We know that when using lognormal returns, the number you need to plug in is not the apparent return, but $\mu-\sigma^2/2$ because what you really have is, in essence, (1) a deterministic growth of $\mu$, plus (2) a zero-mean, specified variance, normally distributed random element. In other words, if

$$s=s_0e^{(\mu +N(0,\sigma^2))t}=s_0e^{\mu t}e^{N(0,t\sigma^2))} $$

Then, since $e^{anything}>0$, that second term introduces a bias. Thus, for lognormal distributions, the appropriate 'return' to plug in, if you want it to square with simple compounding, is $\mu-\sigma^2/2$, so the expected value makes the $\sigma^2/2$ wash out. (Otherwise, $E[s_t]=s_0e^{t(\mu+\sigma^2/2)})$

Now lets think about simple-minded compounding of normal returns.

If a bond delivers 10% annually, then in two years \$100 will become \$121. But if returns are binomial, with 9% and 11%, and you get two 'matched' years, even though the (arithmetic) average is 10% the real return is smaller (instead of \$121 you get \$120.99, pretty clearly). If the spread is wider you get an even lower number.

My question is this: assume simple, normal annual returns. The result is the same. If you have returns that are distributed as $N(\mu, \sigma^2)$, then as $\sigma^2$ grows, the actual return must be smaller than $\mu$. That is why two back-to-back returns of 10% don't get you as much as one period of 11% and one period of 9%.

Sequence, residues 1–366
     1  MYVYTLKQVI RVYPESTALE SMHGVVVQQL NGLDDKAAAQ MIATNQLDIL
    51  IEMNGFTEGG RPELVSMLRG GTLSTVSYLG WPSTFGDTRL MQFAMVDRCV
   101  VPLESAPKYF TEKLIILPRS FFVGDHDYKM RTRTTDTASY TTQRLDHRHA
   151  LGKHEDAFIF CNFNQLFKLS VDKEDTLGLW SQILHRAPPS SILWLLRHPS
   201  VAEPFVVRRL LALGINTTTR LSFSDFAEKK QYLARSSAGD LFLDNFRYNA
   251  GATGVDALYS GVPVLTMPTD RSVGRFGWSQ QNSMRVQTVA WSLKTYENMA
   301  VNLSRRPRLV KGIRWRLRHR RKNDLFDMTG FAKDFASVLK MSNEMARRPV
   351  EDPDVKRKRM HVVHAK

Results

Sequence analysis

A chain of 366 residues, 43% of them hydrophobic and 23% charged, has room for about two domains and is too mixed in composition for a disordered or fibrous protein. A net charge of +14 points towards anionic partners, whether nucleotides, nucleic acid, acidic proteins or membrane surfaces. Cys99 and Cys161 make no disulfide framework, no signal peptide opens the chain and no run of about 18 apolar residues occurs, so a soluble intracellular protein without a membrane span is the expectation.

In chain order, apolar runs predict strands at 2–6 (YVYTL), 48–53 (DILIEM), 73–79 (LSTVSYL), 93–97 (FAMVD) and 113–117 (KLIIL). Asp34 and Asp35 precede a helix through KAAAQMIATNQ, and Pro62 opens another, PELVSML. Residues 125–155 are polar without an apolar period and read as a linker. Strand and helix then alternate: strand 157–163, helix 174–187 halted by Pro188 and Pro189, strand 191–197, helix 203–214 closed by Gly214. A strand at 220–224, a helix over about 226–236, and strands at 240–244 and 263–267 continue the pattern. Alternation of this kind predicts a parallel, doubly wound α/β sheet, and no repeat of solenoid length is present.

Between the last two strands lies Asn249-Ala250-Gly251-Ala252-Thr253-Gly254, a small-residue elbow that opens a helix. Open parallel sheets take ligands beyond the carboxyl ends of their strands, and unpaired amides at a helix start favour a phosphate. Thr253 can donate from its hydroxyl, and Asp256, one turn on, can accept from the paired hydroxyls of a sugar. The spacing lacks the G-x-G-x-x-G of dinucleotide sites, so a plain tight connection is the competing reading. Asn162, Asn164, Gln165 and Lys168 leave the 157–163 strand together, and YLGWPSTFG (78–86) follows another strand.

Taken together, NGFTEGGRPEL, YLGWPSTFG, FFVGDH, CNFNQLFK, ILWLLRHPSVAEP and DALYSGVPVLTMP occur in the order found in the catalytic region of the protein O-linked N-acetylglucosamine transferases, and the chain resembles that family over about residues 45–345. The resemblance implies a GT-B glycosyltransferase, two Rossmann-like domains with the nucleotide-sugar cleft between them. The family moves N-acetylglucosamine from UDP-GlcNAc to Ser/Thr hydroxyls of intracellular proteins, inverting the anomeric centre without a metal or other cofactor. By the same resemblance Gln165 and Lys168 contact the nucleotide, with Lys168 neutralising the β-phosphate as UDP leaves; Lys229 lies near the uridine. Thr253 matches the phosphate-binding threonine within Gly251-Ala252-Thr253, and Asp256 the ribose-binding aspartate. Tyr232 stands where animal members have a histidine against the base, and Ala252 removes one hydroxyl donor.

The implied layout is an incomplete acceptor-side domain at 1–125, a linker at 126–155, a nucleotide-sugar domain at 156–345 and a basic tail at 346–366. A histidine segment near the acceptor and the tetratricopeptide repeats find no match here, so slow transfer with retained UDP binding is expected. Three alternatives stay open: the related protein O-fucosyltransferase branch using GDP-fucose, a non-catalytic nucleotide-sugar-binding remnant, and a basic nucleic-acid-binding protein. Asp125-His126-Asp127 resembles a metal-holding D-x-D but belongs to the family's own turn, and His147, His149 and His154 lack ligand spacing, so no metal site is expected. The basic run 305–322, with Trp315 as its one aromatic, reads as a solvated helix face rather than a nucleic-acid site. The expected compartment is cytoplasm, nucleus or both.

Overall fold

So, is the correction term the same - i.e., $-\sigma^2/2$? If periodic returns are normally distributed as $N(\mu-\sigma^2/2, \sigma^2)$, will $E[s_t]=e^{\mu t}$???

NOTE: Since I wrote this, I have done a Monte Carlo simulation. Indeed, if one calculates the average return per year by averaging the returns of each year (the naive arithmetic approach), instead of calculating and using

$$(\frac {p_{final}}{p_{initial}})^{\frac{1}{num\_preiods}}-100\%$$

Then, with normal returns and any reasonable volatility, there is indeed a gap between what return you 'expect' to achieve and what you do. However, it does not look like the correction term is $\sigma^2/2$, though it is close to it.


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